Ultimately, it's the art of storytelling that's relevant for some of those many journalists breaking stories, cranking out the copy and doing serious punditry about Trump — in the process leaving even diligent consumers feeling a certain press whiplash since there's so much to consume.
"If you look at two other successful comedians who take on Trump right now — Seth Meyers is doing really good and smart news jokes, Samantha Bee is giving gorgeous hilarious point-of-view rants — Stephen is putting it all into a narrative context."
That's very tough to do comedically but, when done right, very satisfying.
"It not only maps onto our intellect as a joke does, or our emotions as a rant does, but gives us a sense of truth and coherence." It's why he's a perfect supplement to the understandable daily Trump press deluge.
Uber's directors meet
"According to sources close to the situation, Uber’s full board will meet (Monday) morning to consider a series of recommendations — which could include calling for the firing of some top managers — from an investigation that looked at the car-hailing company’s toxic culture." (Recode)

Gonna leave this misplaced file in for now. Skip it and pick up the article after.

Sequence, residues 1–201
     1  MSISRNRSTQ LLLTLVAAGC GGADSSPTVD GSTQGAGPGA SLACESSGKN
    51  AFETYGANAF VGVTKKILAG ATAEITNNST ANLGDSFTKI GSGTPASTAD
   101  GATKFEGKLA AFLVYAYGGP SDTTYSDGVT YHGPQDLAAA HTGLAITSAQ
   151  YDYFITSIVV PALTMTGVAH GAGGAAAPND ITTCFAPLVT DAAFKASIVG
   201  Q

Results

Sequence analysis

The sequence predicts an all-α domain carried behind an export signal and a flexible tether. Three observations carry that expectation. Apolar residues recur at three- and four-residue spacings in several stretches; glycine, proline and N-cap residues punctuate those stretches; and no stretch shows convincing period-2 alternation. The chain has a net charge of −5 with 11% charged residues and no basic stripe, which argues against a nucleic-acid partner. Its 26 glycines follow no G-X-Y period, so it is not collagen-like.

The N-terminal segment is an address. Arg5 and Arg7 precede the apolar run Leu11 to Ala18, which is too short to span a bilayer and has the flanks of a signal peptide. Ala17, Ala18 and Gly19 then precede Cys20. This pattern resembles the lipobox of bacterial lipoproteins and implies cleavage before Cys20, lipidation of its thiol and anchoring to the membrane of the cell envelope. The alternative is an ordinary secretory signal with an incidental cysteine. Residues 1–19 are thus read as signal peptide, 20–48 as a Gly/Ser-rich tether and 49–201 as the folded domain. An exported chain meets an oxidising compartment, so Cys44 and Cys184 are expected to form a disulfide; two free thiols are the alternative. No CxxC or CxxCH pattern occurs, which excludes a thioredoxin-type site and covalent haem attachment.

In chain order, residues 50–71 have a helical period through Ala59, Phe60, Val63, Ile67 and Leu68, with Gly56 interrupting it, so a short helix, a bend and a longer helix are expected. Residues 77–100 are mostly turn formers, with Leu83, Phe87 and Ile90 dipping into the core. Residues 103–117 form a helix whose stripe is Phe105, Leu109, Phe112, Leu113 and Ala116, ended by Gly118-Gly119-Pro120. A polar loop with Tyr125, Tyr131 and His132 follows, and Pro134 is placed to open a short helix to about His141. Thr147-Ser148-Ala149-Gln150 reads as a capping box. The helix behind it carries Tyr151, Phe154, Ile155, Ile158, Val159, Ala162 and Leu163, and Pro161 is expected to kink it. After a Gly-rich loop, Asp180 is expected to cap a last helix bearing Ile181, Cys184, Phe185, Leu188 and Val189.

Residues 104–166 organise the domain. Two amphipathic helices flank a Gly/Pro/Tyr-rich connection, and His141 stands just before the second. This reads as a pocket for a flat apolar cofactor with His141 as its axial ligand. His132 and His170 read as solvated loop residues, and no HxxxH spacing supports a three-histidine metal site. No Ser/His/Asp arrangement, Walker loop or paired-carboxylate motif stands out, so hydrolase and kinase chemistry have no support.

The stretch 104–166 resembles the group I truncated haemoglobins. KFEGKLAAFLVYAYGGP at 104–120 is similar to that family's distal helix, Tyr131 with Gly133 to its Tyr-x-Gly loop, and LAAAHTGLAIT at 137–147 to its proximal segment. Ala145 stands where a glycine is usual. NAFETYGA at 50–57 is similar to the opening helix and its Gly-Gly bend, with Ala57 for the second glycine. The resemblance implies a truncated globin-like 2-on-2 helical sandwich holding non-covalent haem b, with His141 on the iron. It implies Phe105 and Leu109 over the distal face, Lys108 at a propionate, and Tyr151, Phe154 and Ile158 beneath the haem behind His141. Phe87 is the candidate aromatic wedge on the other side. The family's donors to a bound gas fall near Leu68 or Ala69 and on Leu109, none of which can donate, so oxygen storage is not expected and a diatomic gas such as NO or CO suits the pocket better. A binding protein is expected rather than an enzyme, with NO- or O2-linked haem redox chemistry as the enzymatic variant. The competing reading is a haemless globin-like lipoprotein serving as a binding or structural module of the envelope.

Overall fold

"Sources who have seen parts of it said the report chronicles an aggressive and fast-growing startup, resulting in a frequently chaotic and 'hostile work environment' without adequate systems in place to ensure that violations such as sexual harassment and retaliatory behavior were dealt with professionally."
Sunday Microsoft news
"At its E3 Xbox One X reveal event on Sunday, Microsoft shared a relentless stream of boundary-pushing system specs for the new console, but it stayed surprisingly quiet regarding the future of virtual reality on the device." (TechCrunch)
A second Justice Department antitrust division deadline passed a week ago concerning a proposed sale of the Chicago Sun-Times to Tronc, owner of the Chicago Tribune. What's up?
Those involved in the deal by two traditional rivals await the department's final response to whether a group led by former Chicago alderman Edwin Eisendrath (a member of the local propertied class) and the Chicago Federation of Labor can be moved to a next phase in its belated purchase proposal. The betting line would still favor a Sun-Times-Tronc deal, in part given weak Sun-Times economics and pre-existing deals on printing and distribution.